This photo of Kim Jong-un trying to form a South Korean gesture of friendship has melted hearts in Seoul.
But focusing on this one image means losing sight of the bigger picture.
For the uninitiated, the Korean heart is formed if you put the tips of your thumb and index finger together.
It started as a gesture of love used by K-pop stars to thank their fans, and has morphed into the pose of choice for selfies with friends in South Korea.
We first heard about Mr Kim’s attempt at the gesture from a spokesman for South Korea’s Blue House, who told a press conference that he tried to do it alongside South Korean cabinet ministers.
“How do you do it? I can’t quite make the shape,” Mr Kim was quoted as saying.
It was another Instagram moment for the North Korean leader. We saw one when he took President Moon’s hand on their very first meeting and helped him across the line dividing their two countries.
We saw it in the selfies during his walkabout in Singapore the night before his summit with Donald Trump.
These social media-friendly snapshots have prompted many in the South to describe him on Twitter as misunderstood, or even cute.
They are taking this gesture made at the sacred and mythical home of the Korean nation as a sign he is serious about developing a relationship with the South.
It’s easy to be swept up by the burgeoning friendship beamed onto our screens.
I was watching the images from Mount Baekdu stream into the press room and it was difficult to recognise Kim Jong-un as the “madman’, “maniac’ and “sick puppy’ that President Trump described last year.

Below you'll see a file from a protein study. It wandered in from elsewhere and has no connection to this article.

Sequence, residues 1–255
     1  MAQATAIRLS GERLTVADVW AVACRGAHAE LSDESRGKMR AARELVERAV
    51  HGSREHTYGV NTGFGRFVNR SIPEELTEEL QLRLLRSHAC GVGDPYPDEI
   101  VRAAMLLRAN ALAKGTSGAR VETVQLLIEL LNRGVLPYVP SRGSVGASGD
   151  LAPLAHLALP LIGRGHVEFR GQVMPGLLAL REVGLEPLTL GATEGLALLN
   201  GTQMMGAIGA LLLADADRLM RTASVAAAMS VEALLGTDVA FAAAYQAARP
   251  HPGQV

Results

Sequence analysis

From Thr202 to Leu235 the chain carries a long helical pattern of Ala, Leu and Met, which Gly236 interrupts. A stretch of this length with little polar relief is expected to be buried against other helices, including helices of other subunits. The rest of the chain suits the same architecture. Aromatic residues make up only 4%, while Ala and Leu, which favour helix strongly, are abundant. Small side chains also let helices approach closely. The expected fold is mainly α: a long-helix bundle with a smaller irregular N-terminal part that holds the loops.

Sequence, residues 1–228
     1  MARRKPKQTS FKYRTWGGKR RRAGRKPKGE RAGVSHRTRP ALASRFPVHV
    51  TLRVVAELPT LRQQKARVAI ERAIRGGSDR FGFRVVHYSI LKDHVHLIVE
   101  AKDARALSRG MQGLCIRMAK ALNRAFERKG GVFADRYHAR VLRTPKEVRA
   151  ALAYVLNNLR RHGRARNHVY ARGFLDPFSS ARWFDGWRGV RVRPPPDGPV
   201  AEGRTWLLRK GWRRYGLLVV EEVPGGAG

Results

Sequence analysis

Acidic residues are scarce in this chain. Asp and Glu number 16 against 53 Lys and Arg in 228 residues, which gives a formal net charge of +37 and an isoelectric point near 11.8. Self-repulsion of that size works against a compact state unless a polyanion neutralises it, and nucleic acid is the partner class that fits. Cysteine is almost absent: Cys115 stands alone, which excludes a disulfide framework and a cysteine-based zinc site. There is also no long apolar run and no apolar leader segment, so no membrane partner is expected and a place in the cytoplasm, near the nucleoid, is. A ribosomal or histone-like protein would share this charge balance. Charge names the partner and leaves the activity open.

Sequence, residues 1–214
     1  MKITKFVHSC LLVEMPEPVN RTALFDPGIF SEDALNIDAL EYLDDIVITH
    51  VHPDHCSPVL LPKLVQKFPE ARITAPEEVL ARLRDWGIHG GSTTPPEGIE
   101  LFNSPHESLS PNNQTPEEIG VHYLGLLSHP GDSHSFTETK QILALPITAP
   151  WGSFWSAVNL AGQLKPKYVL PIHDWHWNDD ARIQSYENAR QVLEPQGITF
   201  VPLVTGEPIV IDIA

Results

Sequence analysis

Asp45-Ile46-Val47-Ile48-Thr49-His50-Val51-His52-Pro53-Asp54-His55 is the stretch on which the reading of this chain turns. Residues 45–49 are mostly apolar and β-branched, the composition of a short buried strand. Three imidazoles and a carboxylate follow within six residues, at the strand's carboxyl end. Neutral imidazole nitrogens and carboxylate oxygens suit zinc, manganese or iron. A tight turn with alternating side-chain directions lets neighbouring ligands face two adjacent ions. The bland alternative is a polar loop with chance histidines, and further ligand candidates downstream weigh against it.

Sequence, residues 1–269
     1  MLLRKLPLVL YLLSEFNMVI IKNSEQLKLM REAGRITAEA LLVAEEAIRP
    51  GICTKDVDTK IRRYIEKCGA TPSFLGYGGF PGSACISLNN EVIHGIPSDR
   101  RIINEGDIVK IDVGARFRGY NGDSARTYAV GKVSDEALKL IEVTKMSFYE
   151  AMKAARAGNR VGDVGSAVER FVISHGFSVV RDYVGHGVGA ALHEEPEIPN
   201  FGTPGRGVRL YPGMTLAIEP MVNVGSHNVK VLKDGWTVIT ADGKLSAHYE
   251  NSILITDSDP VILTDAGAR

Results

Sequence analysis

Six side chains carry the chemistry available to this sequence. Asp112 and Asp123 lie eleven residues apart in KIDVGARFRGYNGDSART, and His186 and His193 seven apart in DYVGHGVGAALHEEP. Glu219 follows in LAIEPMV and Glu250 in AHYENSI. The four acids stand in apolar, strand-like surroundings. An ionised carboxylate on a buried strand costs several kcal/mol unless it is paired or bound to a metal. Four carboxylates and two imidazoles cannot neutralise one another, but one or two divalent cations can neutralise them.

The young leader was laughing and joking with President Moon and his wife. They all clutched hands by the pristine lake.
It was a moment of unity in a beautiful setting that would have been unthinkable this time last year.
“We had a small group today but in the near future, we hope many South Koreans and expats will be able to come here,” the North Korean leader said.
“We should write another chapter of history between the North and the South by reflecting our new history on this Heaven Lake.”
Is this really the murderous dictator with a nuclear arsenal that we are told is a global threat?
And then, a few days later the Blue House released the photographs of Mr Kim forming the heart.
It is designed to play to a South Korean audience. To further soften his image as he starts to gain almost celebrity status in the South.
There was even a suggestion that they could use it as a screensaver.
What has gone unsaid is that with a click of those same fingers, Mr Kim could put an end to the crimes against humanity committed in North Korea.
With just one command he could free tens of thousands of political prisoners from gulags, including six South Koreans, many of whom are forced to do hard labour.
Nor is it mentioned that this gesture so loved by K-pop stars is unknown in the streets of Pyongyang, because even listening to South Korean music is a crime.
A UN report released in 2014 concluded that the North Korean government was perpetrating “unspeakable atrocities” against its own people on a vast scale.
The Chair of the Commission on human rights said they were “strikingly similar” to crimes committed by Nazi Germany in World War II and that the crimes included execution, enslavement, starvation, rape and forced abortion.
Mr Kim himself is suspected of ordering the assassination of his half-brother, Kim Jong Nam, in Malaysia, as well as the execution of his uncle, Jang Song Thaek, in 2013.
It’s not popular to talk about human rights right now. I alluded to some of North Korea’s crimes in a Twitter post and it earned me a stream of criticism from some in the South.
I was accused of being a foreigner, pouring cold water on the peace process and of misunderstanding the Korean people.